Electronic skin and scientists who connected the human brain to a computer

The researchers from the University of Melbourne connected a computer to the human brain via blood vessels. They inserted electrodes through the jugular vein in the neck and then to the brain’s primary motor cortex. The electrodes detected brain signals and fed them to a computer. The new method was proven to work on two people with the degenerative disease amyotrophic lateral sclerosis (ALS). “Used in combination with an eye-tracker for cursor navigation, participants achieved Windows 10 operating system control to conduct instrumental activities of daily living tasks,” as it was stated in the study.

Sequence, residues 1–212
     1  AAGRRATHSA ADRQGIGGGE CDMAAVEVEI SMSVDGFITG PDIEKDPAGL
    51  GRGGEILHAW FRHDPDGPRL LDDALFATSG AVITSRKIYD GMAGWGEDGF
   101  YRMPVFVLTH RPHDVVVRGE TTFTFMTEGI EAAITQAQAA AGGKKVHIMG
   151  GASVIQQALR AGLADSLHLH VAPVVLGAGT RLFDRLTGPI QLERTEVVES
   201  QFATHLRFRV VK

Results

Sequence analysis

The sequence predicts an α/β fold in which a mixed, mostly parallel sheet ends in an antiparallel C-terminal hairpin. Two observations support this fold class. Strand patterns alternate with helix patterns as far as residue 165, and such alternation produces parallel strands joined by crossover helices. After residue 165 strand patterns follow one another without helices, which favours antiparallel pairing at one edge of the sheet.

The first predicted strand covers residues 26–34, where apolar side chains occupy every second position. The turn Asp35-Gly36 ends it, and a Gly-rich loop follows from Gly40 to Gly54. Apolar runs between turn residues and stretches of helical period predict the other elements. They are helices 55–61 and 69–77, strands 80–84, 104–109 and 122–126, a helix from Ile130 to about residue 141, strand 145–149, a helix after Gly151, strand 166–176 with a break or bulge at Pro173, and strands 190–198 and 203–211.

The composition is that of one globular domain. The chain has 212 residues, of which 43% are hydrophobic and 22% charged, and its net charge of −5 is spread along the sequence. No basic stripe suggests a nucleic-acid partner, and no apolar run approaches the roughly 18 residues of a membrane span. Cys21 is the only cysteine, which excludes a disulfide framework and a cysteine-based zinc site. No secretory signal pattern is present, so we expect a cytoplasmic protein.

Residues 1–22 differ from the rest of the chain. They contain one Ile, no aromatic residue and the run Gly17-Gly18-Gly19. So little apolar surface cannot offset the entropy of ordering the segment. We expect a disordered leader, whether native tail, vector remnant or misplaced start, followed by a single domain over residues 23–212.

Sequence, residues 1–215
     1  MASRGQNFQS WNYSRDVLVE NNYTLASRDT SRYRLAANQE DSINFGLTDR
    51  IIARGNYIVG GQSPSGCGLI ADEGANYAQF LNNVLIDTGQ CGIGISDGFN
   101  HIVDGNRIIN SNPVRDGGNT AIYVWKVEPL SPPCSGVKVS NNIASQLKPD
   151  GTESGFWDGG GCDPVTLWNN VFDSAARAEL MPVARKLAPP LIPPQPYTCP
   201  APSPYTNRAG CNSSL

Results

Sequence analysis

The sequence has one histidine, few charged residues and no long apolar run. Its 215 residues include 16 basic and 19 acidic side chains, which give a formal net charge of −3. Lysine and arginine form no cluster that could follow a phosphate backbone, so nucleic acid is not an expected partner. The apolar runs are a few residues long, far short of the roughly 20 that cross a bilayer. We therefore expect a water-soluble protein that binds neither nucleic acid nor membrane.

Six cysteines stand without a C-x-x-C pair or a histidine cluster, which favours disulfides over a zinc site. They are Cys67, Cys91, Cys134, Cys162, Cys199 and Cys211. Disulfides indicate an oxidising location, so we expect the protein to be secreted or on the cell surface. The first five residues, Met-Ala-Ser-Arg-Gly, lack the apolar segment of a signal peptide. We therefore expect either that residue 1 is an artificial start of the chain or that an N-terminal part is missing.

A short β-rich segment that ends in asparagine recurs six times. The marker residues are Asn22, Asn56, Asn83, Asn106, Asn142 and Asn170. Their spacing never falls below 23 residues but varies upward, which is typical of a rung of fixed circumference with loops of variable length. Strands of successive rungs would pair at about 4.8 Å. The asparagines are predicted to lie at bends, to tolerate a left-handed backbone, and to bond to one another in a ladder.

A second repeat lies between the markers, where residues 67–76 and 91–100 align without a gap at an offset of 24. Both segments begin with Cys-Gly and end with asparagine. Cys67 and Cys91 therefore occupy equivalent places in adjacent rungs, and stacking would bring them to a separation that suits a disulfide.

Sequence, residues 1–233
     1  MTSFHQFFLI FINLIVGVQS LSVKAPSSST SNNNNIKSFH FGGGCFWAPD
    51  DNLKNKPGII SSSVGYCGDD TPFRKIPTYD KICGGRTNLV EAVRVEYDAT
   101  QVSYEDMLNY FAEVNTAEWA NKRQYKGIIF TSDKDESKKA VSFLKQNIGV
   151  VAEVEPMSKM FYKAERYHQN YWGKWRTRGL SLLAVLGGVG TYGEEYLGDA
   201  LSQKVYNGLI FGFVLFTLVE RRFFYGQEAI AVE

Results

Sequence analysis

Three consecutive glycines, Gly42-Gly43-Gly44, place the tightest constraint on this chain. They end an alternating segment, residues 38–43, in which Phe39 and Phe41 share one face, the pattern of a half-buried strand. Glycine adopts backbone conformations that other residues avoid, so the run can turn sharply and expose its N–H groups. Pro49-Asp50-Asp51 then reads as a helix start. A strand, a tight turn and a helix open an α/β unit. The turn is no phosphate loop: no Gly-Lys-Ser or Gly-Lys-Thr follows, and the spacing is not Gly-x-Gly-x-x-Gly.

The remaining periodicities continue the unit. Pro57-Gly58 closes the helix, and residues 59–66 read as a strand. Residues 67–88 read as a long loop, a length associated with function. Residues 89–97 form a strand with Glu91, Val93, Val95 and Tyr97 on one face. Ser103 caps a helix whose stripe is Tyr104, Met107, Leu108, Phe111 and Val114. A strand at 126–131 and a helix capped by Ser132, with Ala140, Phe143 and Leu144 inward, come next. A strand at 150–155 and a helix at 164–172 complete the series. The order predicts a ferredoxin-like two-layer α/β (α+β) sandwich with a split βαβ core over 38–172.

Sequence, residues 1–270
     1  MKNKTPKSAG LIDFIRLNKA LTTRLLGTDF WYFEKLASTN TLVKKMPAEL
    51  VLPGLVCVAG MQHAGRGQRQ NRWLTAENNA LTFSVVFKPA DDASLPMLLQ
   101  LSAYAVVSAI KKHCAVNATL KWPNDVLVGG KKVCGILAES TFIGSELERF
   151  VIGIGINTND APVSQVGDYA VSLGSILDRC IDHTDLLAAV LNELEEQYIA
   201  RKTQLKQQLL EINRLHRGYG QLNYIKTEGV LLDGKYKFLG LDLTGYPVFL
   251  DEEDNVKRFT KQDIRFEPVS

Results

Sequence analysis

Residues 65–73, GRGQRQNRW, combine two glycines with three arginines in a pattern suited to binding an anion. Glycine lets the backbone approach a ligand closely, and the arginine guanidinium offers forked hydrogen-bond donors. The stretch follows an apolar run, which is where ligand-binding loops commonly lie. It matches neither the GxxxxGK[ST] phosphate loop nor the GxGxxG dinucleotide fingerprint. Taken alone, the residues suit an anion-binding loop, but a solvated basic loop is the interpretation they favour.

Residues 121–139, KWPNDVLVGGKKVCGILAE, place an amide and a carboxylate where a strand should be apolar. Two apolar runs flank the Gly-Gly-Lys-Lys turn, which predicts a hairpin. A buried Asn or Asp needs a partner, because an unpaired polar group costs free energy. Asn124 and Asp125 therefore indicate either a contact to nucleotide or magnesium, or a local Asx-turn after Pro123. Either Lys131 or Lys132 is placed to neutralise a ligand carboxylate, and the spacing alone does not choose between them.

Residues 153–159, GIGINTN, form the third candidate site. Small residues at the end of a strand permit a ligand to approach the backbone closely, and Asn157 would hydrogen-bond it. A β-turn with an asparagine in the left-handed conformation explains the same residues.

Self-healing “electronic skin” may replace wearable devices, like smartwatches. Thin and flexible, it is recyclable and only slightly thicker than a plaster. It may track heartbeats or steps and can be worn on any body part. According to scientists from the University of Colorado Boulder, it can be stretched by 60 percent and still function well.

The Walt Disney Company created a skinless robot that can mimic human motion, especially blinking or subtle head movements. The company developed a robot to make its animatronics more realistic, creating the “illusion of life” at Disney’s parks. The machine follows the principles which animators use to make cartoon characters.

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